What can you do IN THE MOMENT when you’re experiencing anxiety, a racing mind, or a difficult emotion?
Grounding techniques can be quite helpful right when you are right in the thick of it and need something to do immediately to help bring more peace.
Here we explore 2 categories of anxiety-reducing techniques:
- using your physical senses for grounding
- using your mind for grounding
Engaging Your Senses for Grounding
Changing the physical sensations you are experiencing helps change the emotions you are experiencing.
1. Hold a piece of ice
Using your sense of touch, ice creates immediate and intense sensations. Put all your attention on what you are feeling and noticing. How does it feel at first? How does the feeling change?
2. Touch something soothing
You could use your sense of touch on something soft like a favorite blanket, sweater or scarf. Or you could touch something smooth like a stone or crystal. Notice how it really feels on your hand and bring all your focus to the sensations you notice.
3. Sit with a pet
Your senses can be calmed by soft fur, feeling a gentle breathing tummy, or perhaps hearing a content purr.
Watch funny videos or a read something that always makes you laugh. Laughing shifts your energy and it creates a physiological experience in your body that creates calm.
5. Take a cold shower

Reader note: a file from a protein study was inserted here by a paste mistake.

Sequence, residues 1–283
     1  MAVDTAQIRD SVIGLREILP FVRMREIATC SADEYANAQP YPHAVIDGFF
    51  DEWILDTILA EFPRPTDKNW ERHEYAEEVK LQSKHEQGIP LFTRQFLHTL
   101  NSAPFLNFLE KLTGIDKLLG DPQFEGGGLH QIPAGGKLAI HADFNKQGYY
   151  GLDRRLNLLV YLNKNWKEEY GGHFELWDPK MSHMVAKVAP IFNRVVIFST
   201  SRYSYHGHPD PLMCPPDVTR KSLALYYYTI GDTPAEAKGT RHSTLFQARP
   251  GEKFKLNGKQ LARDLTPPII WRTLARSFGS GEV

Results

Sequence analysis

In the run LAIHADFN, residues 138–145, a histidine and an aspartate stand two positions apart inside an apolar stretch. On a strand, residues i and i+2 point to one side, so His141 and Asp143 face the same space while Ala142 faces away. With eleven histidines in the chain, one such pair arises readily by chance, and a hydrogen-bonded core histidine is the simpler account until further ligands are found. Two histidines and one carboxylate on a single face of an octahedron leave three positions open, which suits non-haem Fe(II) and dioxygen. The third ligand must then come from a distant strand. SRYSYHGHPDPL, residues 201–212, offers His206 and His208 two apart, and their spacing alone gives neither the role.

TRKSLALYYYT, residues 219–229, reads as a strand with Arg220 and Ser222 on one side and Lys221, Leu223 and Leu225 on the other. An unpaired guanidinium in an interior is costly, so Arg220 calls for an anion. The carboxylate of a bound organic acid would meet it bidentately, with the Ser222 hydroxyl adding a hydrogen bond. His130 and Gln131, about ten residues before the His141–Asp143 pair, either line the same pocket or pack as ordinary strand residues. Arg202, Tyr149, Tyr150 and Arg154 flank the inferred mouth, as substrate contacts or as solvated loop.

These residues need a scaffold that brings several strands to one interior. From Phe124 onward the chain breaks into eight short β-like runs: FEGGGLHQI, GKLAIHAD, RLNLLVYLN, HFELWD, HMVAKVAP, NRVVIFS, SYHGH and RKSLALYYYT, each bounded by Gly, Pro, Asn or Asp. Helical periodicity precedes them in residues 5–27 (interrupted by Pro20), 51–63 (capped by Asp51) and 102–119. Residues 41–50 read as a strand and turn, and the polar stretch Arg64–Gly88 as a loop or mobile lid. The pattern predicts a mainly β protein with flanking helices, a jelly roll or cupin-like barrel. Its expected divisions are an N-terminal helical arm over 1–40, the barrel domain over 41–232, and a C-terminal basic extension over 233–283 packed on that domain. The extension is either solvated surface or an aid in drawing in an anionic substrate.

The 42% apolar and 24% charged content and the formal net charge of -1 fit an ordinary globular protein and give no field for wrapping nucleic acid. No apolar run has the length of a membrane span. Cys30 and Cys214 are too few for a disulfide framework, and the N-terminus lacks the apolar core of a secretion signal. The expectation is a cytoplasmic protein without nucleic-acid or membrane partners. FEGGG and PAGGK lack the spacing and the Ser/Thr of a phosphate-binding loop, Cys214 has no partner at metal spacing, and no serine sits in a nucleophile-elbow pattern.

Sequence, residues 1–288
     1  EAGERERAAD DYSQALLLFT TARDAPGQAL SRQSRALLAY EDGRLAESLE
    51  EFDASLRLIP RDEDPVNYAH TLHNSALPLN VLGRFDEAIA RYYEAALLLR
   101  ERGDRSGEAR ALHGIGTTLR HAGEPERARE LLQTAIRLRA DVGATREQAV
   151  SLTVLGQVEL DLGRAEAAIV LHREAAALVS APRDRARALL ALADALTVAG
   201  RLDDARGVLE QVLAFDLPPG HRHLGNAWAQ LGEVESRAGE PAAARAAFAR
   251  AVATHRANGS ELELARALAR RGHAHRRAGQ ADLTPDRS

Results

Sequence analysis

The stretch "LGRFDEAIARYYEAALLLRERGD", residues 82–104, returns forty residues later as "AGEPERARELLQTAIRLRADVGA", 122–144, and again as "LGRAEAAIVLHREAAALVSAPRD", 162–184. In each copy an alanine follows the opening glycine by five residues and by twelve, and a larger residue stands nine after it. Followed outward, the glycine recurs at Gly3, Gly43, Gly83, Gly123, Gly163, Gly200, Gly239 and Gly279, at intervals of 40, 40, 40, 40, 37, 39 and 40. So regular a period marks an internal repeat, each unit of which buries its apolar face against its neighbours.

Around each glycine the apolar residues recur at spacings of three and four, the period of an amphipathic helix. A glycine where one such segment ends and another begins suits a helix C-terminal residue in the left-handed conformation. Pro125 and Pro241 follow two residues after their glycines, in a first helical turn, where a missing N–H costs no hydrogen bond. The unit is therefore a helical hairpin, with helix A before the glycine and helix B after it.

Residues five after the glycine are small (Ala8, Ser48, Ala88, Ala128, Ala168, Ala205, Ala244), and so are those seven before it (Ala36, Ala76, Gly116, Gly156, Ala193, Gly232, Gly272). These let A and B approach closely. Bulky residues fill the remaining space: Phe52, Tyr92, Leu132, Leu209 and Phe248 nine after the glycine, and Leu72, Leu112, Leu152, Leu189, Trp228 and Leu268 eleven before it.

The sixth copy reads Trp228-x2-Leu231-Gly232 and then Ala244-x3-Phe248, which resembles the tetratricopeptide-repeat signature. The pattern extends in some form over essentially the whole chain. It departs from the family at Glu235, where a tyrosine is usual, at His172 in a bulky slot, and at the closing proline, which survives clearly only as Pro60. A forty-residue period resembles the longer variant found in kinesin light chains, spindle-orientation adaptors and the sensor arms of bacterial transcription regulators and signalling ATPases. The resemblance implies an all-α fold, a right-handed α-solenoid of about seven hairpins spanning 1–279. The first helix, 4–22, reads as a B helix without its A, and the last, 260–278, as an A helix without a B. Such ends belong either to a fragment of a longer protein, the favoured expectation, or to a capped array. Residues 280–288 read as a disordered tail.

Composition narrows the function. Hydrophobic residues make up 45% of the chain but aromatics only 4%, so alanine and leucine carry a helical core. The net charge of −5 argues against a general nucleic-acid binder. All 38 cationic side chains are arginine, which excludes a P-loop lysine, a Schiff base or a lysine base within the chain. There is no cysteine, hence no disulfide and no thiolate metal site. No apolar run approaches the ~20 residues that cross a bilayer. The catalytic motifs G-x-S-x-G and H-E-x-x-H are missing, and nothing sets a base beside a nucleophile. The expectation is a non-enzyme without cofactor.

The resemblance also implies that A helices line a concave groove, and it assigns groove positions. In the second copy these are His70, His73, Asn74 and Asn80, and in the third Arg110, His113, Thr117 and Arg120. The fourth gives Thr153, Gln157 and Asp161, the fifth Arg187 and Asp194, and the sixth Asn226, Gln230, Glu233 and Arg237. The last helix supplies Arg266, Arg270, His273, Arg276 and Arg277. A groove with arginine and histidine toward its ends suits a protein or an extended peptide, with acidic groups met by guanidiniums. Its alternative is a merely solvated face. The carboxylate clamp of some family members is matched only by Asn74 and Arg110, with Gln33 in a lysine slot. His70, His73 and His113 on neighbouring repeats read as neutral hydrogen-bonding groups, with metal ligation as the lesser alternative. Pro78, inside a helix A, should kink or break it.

This one is challenging but it works! It completely engages your senses in the experience of the cold and the water. It also engages your vagus nerve to calm down any fight-or-flight reactions. Next best idea would be to splash cold water on your face for 2 minutes.
Engaging Your Mind for Grounding
These grounding techniques are particularly useful when anxiety includes racing thoughts, obsessions or rumination.
1. Distance yourself from an upsetting situation or feelings
Picture yourself experiencing the upsetting situation and the upsetting feelings. Now imagine that image is on a TV screen and picture yourself walking away from the TV. As you walk further and further, the screen gets smaller and smaller.
2. Describe a common task that you don’t mind doing
Bring to mind a specific activity you do often or can do very well, such as making coffee, making the bed, or mowing the lawn. In your mind, detail the process step-by-step, as if you’re giving someone else instructions on how to do it.
3. Think in categories
Choose one or two broad categories, such as “flowers,” “ice cream flavors,” or “football teams.” List as many things as possible from each category and count them off on your fingers as you do so.
4. Activate your right brain using numbers and math
- count backward from 1000
- count backward from 100 by 3’s
- run through multiplication tables in your head